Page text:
AbstractThis study aims to investigate a Northern Australian primary school’s working definition of trust, and how the community constructs trust, initially through the two-part research questions: What is trust? and How is trust constructed? Through the data analysis process, two research sub questions have emerged: What impact does trust have on leadership (and vice versa) in relation to learning and school improvement? and What impact do rights and obligations have on trust?
Ethnographic techniques and a number of qualitative methods within a constructivist theoretical frame are used in the study design. Sixty semi-structured interviews formed the basis of the empirical data that were collected over a two year period from the single case study site. Students, parents, and staff afforded an in-depth perspective of the ways participants made decisions to trust or not to trust and how the school collectively constructed trust. Three phases of analyses—Thematic Analysis, Grounded Theory and Membership Categorisation Analysis—rendered significant findings for schools and the national improvement agenda.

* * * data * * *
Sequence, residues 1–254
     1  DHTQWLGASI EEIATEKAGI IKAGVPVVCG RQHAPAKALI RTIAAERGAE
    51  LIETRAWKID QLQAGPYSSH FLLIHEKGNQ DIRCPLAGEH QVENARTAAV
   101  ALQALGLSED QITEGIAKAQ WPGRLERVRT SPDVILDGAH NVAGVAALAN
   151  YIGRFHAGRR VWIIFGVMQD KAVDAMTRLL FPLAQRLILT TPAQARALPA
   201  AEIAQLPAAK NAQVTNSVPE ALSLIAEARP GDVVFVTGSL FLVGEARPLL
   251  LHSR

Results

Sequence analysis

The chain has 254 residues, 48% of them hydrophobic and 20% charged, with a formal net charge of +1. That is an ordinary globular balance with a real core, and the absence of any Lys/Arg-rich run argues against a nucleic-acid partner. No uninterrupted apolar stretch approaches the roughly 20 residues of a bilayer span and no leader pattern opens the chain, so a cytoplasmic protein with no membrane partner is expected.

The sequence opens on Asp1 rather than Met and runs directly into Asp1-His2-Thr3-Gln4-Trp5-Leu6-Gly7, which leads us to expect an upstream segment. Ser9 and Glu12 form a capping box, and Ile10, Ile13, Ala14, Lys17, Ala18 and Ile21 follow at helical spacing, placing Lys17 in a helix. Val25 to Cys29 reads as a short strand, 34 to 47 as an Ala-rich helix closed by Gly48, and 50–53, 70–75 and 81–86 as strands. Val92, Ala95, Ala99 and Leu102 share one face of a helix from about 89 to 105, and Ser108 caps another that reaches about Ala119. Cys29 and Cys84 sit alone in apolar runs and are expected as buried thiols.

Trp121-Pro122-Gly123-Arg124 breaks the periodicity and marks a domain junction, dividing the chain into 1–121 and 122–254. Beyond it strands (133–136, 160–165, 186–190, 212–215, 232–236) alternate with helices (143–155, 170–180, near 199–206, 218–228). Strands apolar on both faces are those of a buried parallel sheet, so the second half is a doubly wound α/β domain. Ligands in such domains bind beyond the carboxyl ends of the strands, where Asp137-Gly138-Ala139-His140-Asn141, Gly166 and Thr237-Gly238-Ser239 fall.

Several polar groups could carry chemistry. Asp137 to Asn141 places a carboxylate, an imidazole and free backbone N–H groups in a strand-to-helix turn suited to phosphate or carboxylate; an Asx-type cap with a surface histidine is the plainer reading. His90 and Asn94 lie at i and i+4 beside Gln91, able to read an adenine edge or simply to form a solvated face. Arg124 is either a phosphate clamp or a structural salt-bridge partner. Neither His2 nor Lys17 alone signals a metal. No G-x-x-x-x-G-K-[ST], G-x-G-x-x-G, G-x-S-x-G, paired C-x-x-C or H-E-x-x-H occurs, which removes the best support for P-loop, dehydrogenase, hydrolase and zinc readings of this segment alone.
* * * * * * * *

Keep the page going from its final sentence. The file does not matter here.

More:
This study has identified Situated trust, Role trust, and School trust as tentative theory that directly informs school practice. Conclusions and the implications for policy, practice, and further research provide a start to operationalising these significant findings. The role of trust in all schools is widely recognised by academics, governments, administrators of education departments, and the general public as important. However, recognising this is only the beginning. Unless leaders do more than merely name trust in documents, there will be little change.
|Date of Award||Sep 2012|
|Supervisor||Ian Falk (Supervisor), John Guenther (Supervisor) & Ruth Wallace (Supervisor)|